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An oinochoe is a jug with a truncated cone body, a developed neck, with a handle on the top and a lobed mouth. Its function was to take the wine out of the crater before serving it. In this case, due to its small size it would possibly be used with a ritual function to contain ointments or perfumes. It is decorated with a pattern of black zigzag lines that run through the body of the piece.
This kind of pieces were made with a technique that already appears documented in the middle of the II Millennium, which allowed to obtain small containers with narrow mouths. It required a very specific treatment that forced the piece to be reheated several times, to later remove elements such as the strut or the sand that helped to give it the desired shape: the first step was to model a sand core and moisten it or wrap it in fabric and, from there, place the end of the strut in the crucible, thus achieving that the piece was surrounded by a layer of molten glass. The second step was to roll the piece on a flat surface to give it a shape, and then add different coloured glass threads to decorate the piece, rolling it again so that the latter would adhere to it. Then, the decoration was traced using a metal punch, until finally the additional parts were added, such as the handle, the foot or the mouth.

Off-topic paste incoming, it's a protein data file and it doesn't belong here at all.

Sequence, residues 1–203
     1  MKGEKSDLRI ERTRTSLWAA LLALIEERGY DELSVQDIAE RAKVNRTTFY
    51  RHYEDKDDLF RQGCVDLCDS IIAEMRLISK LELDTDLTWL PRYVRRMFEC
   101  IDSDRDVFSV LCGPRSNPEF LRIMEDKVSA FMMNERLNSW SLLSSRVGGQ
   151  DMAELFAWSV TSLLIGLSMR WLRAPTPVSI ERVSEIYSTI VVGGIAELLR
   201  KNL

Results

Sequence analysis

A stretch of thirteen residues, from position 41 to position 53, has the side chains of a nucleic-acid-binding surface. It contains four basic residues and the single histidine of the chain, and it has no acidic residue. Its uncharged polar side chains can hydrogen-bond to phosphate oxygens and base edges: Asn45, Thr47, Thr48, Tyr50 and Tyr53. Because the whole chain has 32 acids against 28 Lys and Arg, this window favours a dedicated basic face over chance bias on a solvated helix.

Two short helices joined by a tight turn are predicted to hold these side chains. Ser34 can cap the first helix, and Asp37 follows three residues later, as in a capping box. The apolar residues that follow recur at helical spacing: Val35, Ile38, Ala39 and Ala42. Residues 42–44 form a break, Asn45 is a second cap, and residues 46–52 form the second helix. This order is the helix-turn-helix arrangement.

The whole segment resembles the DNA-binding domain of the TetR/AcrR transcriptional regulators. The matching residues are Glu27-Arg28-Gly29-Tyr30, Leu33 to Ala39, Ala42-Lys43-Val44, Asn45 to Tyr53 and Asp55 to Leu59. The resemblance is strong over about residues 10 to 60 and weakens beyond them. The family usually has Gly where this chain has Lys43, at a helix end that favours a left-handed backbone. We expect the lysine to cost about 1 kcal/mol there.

This type of container was used for perfumes and ointments, emphasizing its exquisiteness and the purchasing power of its users, since it was something that not all the population could access. They were widely distributed throughout the Mediterranean basin up to the Black Sea. Their use is not clearly known, although they were probably intended for funerary, symbolic use, to be introduced as an offering inside the tombs.